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The Reflection

Sno Court festivities set to heat things up

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Sno Court representatives are chosen from each grade, with voting for Sno Court king and queen taking place the week of Sno Court. Photo by yearbook staff

Student Senate, which began instituting changes to Sno Court festivities last year with the addition of a Teacher Court, will continue to make changes to Sno Court that will ideally increase participation and raise more money for charity, rather than solely emphasizing the social aspect of festivities.

“We’ve never really gotten a great turnout, or the turnout that we’ve wanted so we’re trying to change people’s perspective of it,” said Gull Lake Senior Class President and Student Senate member, Luke Edgerly. “What’s different about Sno Court is it’s a charity fundraiser, so we really do want to try to get the word out that this isn’t for our profits, but for this year it’s the Michigan Alliance on Mental Illness.”

According to Edgerly, Senate’s motto is “We rise by lifting others,” and raising money for charity plays a big part in that.

“It’s a good break from the whole social orientation of planning dances and fun stuff for the school,” Edgerly said. “It’s community focused, so that’s the thing we like most about Sno Court.”

While Senate will be continue raising money for charity with the Teacher Court and gift baskets, Edgerly said, they are making major changes to the dress up days this year.

According to Edgerly, the biggest complaint from students regarding Homecoming and Sno Court has had to do with dress up days. To increase approval for these  days, students were be able to vote on the theme for three of the days. Senate members asked around and used social media to get suggestions for dress up days, Edgerly said.

“I think people don’t want eccentric out of the box dress up days as much as they want the classics, so that’s what I’m hearing,” Edgerly said.

Students picked three dress up days from a set of options Senate provided by voting on a google form that was sent out via email.

“We’ve heard a lot that twin day is popular. I’ve heard class color a few times, but we’ll see how the polls come back,” Edgerly said.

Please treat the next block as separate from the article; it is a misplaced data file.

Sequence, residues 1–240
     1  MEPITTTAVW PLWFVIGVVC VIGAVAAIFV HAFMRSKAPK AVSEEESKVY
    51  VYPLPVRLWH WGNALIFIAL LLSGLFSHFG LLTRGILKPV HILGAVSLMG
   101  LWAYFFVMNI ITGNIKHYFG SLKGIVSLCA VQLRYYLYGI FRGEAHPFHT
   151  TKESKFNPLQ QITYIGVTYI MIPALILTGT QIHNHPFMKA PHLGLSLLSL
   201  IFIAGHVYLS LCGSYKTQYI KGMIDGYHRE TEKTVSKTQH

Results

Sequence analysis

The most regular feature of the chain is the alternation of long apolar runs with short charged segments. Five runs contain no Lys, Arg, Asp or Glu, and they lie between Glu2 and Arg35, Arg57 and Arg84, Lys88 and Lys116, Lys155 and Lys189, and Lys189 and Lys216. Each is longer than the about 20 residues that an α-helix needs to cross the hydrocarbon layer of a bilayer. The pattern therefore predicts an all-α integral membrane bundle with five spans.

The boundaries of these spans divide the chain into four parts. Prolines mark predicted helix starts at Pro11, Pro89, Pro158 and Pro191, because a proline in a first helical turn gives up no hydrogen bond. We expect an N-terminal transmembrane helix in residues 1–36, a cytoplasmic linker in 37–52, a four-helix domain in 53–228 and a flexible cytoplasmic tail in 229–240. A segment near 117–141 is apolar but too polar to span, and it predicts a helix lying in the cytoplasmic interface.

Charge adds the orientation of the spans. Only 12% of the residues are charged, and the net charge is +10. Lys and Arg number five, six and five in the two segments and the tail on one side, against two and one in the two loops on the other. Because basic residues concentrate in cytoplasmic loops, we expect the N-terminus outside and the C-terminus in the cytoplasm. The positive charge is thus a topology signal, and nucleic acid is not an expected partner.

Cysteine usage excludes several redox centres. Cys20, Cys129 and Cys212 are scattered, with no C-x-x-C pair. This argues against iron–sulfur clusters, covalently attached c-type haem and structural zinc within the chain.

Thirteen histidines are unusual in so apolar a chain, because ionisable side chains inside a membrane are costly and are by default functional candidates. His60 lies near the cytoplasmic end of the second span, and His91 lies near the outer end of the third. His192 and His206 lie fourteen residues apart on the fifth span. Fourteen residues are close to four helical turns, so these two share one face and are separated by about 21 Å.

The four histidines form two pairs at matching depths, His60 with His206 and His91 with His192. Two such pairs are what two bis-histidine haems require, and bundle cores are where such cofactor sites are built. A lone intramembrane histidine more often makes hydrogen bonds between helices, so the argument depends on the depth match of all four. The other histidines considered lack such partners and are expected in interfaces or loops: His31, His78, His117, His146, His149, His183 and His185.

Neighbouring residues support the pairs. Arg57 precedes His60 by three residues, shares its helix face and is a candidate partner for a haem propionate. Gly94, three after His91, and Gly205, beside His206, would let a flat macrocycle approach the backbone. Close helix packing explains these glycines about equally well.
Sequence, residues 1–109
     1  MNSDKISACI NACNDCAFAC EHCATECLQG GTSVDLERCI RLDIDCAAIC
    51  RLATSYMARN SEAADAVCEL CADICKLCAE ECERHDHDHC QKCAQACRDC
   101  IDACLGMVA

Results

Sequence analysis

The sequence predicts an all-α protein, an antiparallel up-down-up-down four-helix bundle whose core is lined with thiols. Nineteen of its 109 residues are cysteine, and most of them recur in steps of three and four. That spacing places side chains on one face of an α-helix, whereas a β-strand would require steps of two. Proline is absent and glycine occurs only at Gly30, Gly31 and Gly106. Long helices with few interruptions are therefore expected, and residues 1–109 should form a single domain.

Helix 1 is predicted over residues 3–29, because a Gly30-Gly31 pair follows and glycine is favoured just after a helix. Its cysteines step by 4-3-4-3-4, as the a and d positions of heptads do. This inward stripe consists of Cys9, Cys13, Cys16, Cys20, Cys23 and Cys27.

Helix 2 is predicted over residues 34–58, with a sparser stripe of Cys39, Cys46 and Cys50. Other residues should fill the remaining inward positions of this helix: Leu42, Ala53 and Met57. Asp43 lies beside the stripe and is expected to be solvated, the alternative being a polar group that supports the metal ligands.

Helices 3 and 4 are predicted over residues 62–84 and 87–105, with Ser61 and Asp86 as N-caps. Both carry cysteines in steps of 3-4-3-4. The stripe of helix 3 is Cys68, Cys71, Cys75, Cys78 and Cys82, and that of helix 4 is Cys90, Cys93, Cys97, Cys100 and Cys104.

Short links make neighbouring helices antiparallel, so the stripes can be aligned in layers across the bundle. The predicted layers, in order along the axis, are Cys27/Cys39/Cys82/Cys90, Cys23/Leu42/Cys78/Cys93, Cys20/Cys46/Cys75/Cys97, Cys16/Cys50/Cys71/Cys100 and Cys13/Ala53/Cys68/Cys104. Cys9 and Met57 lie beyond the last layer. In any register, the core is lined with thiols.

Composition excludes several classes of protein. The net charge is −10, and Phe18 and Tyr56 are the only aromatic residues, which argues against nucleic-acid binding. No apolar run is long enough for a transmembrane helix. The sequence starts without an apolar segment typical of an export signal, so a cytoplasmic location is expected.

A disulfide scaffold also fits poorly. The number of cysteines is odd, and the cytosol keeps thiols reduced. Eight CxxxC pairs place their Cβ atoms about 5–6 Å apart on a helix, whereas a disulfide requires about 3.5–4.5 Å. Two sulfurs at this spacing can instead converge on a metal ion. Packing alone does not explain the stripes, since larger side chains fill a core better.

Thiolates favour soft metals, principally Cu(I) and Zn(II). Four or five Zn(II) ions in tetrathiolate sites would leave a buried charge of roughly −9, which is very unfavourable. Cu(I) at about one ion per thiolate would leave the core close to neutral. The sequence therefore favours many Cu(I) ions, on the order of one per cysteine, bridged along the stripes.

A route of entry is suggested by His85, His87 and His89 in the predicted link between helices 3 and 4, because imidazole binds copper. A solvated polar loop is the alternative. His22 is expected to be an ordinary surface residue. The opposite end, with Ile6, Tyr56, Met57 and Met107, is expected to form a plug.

Student senate members hope that allowing students to vote on dress up days will increase participation. Pictured are Kaitlyn Stricker and math teacher Heather Shaffer from this year’s Homecoming. Photo by yearbook staff

Senate will be organizing a Teacher Court and a gift basket raffle this year as well to raise money for the Michigan Alliance Against Mental Illness.

During teacher court, six Gull Lake teachers (three men and three women) are selected to participate in a “penny war,” in which students donate money to vote for or against certain teachers.

“We’ll have milk jugs at lunch and in their classrooms where you put coins in,” Edgerly said. “It’s a really great way to raise money; we raised well over a $1,000 last year.”

Senate will also be putting together gift baskets with donations from local businesses. These will be raffled off to raise money as well.

Each year Senate picks a theme for Sno Court. Sno court festivities will include spirit week, an assembly, basketball game and dance. This year the theme is tropical vacation.

The Teacher Court serves as a fundraiser for charity. Teachers chosen for the court will participate in a “penny war” that will determine the winner. Photo by yearbook staff

“It’s a little less original,” he said. “We had some more eccentric ideas, but we wanted to do something that kids would love in the middle of February.”

Gull Lake will be playing Lakeview for the Sno Court game, which will take place on February 23. At half time, Sno Court couples will walk together before the Sno king and queen are announced.

The Sno Court dance, which is traditionally a Sadie Hawkins, takes place on the following day, Tickets for the dance will be sold at lunch the week before, starting Monday of that week.


Annie Thorn
About

This is my first year on staff at the Reflection. I enjoy running track and cross country. I also spend a lot of time volunteering at Gracespring and the Richland Community Library. After I graduate this year, I hope to go to college and pursue a career in public history.

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